When Joe and Theresa Klassen first founded Joey’s Seafood Restaurant in 1985, they were simply looking to create a friendly neighbourhood eatery that served made-to-order seafood. Though the company has since expanded to more than 69 franchises across Canada, it still falls under the leadership of its founder, who frequently develops new strategies for growth and expansion while continuing to supply each location with fresh, Pacific-based seafood. Joey’s offers two distinct dining experiences: full-service restaurants (designed for families and their hungry sock puppets) and quick-serve places (designed for younger generations). At the quick-serve eateries, foodsmiths dole out a smaller menu of fried fish and shrimp. The full menu includes seafood entrees such as sautéed PEI mussels, blackened Pacific snapper, and Joey’s famous fish 'n' chips—fillets of halibut, cod, or haddock dunked into a secret-recipe batter and then deep-fried in canola oil. Nationally, the company supports the Alzheimer's Society of Canada through local and national fundraising efforts. Since 2000, its franchises have collectively raised more than $950,000 for the organization.
The culinary crew at Pete’s A Pie Pizzeria prepares each morsel from scratch using fresh vegetables and herb-infused olive oils. Specialty pan or Brooklyn-style pizzas marry swirls of homemade sauce—including marinara, creamy garlic, and spicy barbecue—with corresponding toppings and ringtones to create one-of-a-kind concoctions such as the barbecue-chicken pie or the salty pig—a blend of prosciutto, fresh basil, and red onions. Since it's comprised solely of a bustling kitchen and pickup counter, the eatery offers delivery or carryout only.
Tasty Vietnamese's walls flood with the same savoury aromas of sizzling meats, seafood, and vegetables that enticed the noses of reporters from the Grove Examiner. Chefs simmer pots of beef and chicken pho soup, assemble hotpots of lemongrass prawns, and adorn vermicelli with grilled beef, pork, and vegetarian-friendly tofu. A customizable menu allows diners to design their own meals by choosing from an array of meats, seasonings, noodles, and rice, while a selection of Vietnamese shakes, beers, and wine keep tongues from running dry. Takeout services enable customers to enjoy authentic Vietnamese fare from the comfort of their homes or neighbour's raspberry bushes.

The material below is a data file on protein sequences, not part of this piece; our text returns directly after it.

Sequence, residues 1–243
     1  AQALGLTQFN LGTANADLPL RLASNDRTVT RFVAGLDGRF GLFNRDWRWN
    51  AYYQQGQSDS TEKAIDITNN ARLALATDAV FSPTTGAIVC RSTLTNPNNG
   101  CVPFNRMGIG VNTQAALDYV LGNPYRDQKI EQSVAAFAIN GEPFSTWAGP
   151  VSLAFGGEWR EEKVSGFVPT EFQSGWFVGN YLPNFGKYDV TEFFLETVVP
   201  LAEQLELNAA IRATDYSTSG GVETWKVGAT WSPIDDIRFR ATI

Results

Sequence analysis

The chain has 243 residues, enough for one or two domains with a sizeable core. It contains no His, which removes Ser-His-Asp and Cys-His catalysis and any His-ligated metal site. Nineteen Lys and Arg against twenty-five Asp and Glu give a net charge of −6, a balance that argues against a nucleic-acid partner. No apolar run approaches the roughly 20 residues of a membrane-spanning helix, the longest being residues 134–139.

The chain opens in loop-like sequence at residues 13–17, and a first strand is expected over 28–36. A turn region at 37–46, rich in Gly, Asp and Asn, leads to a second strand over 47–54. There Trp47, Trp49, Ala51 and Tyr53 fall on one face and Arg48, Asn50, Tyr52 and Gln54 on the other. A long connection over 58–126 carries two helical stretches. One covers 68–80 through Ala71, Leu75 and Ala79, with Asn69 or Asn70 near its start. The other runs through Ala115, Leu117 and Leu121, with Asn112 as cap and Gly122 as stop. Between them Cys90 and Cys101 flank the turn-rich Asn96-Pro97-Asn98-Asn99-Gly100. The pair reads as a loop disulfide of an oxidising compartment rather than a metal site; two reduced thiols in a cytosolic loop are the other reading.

A chain of restaurants founded in 1952, Fatburger’s team of skilled grillsmiths tirelessly bustles about kitchens across the continent whipping up platefuls of fresh, cooked-to-order diner fare. Upon receiving each patron’s order, chefs spring into action meticulously preparing feasts from the finest of ingredients including AAA Alberta beef, hand-picked produce, and cholesterol-free oil. Frozen treat specialists plunge scoops into ice cream containers, extracting creamy orbs to be transformed into milkshakes so old fashioned that they only enter the straw after donning a set of pearls. Fostering an authentic atmosphere, each Fatburger location features retro decor and enforces a strict poodle-skirt-only dress code for all diners.
Nestled within a serene residential neighbourhood, Grub Med Greek Ristorante fills its dimly lit dining room with the aromas of rich sauces, succulent seafood, and roast lamb. Unlike a raucous gathering in a taverna or a date in a home-stereo store, the atmosphere evokes a romantic tranquility, where walls bear a regal air with deep purple hues, stone masonry, and framed images of ancient Greek artwork. Guests sidle up to intimate, scarlet-clad tables, sharing a traditional starter of hummus and tzatziki with morsels of toasty pita, or dining on forkfuls of marinated souvlaki and baked salmon.
Flatiron Kitchen and Bar mixes up a creative and varied menu inside a chic, open dining area decked with modern architecture and artful ceiling lights. As appetizing tunes swim through the surrounding air currents, guests can nibble on ginger chicken tenders ($10.99), asiago and roasted mushroom balls ($11.99), or deep-friend dill pickles ($9.99). Stomachs thrive on the thought of broken lasagna, which is constructed of fiery meat spheroids and a succulent tomato sauce ($14.99). The Sicilian swordfish fillet skewers hunger with six ounces of grilled aquaflesh ($18.99), and maple-glazed pork tenderloin refills your belly tank with gentle pokes of pig ($17.99). Close out your dinner show with a dessert such as the molten brownie ($7.99) or the roasted apple blossom ($6.99), and then complete the experience with one of Flatiron's signature cocktails.